County is being conducted. Borremans will instruct a 1988. The volume contains papers on issues pertainfield school in maritime archaeology during the 1988 ing to archaeological sites in wetland areas, including fall semester, offered through the Department of An- survey and testing, excavation and sampling, preserthropology under the auspices of the University of vation, responsibilities, and cultural and environmenFlorida Institute of Archaeology and Paleoenviron- tal significance. Locations of the sites discussed range mental Studies. Operating from the UF Marine from French Polynesia to Chile to western Europe to
Laboratory at Seahorse Key, 3 miles offshore from the Canada to the United States. If you are interested in town of Cedar Key, field activities this fall will include ordering a copy of the volume, please write to: Dr. the continuation of the archaeological survey as well Barbara Purdy or Elise LeCompte, Department of Anas more extensive test excavations at several selected thropology, University of Florida, Gainesville, FL shell midden sites. 32611.




66 FLORIDA JOURNAL OF ANTHROPOLOGY Vol. 13, Nos. 1-2, 1988
KEN JOHNSON is conducting research with Dr. Five seasons of research at the two Spanish misJERALD T. MILANICH, Florida State Museum, under a sion sites at 8NA41 (the Harrison Homestead Site) on series of grants from the Florida Division of Recre- Amelia Island, Florida, have been completed. The ation and Parks. The goal is to locate and identify the research is currently directed by Dr. Jerald T. Misites of Indian towns which existed at the time of ear- lanich, with field supervisions by REBECCA SAUNliest European intrusion into the New World. DERS. Work is supported by private donations, the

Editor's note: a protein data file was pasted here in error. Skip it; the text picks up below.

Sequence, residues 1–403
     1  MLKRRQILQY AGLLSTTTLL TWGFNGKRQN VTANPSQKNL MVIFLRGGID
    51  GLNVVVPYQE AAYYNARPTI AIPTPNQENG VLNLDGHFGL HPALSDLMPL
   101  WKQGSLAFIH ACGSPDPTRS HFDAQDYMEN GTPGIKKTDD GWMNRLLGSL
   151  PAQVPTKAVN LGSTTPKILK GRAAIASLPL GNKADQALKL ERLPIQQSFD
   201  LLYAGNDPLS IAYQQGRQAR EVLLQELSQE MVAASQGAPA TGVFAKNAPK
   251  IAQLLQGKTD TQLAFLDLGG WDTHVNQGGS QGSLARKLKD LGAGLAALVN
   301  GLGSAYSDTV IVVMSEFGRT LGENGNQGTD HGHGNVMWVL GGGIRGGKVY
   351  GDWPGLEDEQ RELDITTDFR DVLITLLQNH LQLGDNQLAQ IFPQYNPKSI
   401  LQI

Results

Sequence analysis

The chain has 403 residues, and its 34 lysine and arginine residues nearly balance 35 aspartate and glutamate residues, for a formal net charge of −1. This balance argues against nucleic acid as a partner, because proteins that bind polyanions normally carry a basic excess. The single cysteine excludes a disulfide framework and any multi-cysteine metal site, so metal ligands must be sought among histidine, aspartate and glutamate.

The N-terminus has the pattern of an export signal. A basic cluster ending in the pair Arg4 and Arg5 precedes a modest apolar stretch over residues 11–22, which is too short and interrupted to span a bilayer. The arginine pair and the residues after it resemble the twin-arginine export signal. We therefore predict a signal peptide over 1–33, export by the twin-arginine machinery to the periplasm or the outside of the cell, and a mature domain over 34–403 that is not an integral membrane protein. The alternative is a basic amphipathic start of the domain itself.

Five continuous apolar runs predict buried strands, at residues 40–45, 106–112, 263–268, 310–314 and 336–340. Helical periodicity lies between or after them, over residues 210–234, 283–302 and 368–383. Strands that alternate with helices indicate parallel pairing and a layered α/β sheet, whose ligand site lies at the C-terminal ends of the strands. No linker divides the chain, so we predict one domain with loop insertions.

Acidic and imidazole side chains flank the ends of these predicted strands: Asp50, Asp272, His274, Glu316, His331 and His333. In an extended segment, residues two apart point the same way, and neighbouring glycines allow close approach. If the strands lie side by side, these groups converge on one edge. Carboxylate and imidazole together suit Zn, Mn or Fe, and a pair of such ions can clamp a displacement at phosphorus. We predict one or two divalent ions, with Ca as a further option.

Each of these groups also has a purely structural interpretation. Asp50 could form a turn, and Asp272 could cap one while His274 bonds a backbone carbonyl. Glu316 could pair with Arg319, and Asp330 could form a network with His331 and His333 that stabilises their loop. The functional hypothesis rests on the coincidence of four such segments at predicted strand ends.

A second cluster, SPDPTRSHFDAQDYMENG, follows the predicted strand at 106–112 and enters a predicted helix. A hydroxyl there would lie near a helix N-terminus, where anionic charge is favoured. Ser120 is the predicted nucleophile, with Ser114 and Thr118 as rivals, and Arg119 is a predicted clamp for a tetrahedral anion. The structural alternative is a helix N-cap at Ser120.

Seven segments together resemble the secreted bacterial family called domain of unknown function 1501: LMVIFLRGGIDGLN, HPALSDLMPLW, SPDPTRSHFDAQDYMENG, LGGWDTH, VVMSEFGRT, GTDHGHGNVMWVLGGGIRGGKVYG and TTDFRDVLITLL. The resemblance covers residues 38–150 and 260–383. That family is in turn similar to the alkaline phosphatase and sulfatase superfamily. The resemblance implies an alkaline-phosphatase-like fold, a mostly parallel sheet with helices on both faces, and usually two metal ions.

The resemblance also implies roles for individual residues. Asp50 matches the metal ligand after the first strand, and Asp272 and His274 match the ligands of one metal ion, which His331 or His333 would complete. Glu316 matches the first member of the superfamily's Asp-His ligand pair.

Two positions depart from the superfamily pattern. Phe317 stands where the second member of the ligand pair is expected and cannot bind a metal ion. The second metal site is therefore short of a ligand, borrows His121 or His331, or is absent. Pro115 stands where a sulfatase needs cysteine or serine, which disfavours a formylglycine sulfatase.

Specifically, the research is attempting to find the sites Florida Division of Historical Resources, and the of Indian villages contacted by Hernando de Soto's Florida State Museum. army in AD 1539, and the locations of 17th century Over the past three years, much has been accomSpanish missions and associated Indian villages. The plished. Two cemeteries have been excavated and work has concentrated on a five-county area of north- the architecture of the church of Santa Maria (1675central Florida, specifically Alachua, Bradford, 1683) has been described. The mission compound of Columbia, Suwannee and Union Counties. Additional Santa Catalina (1686-1702) has been explored and the sites have also been recorded in each of the ten sur- location of the mission church and several other rounding counties. structures is known. The Santa Maria church was deUsing ethnohistoric and archaeological data, fined on the north, east, and south sides by a series of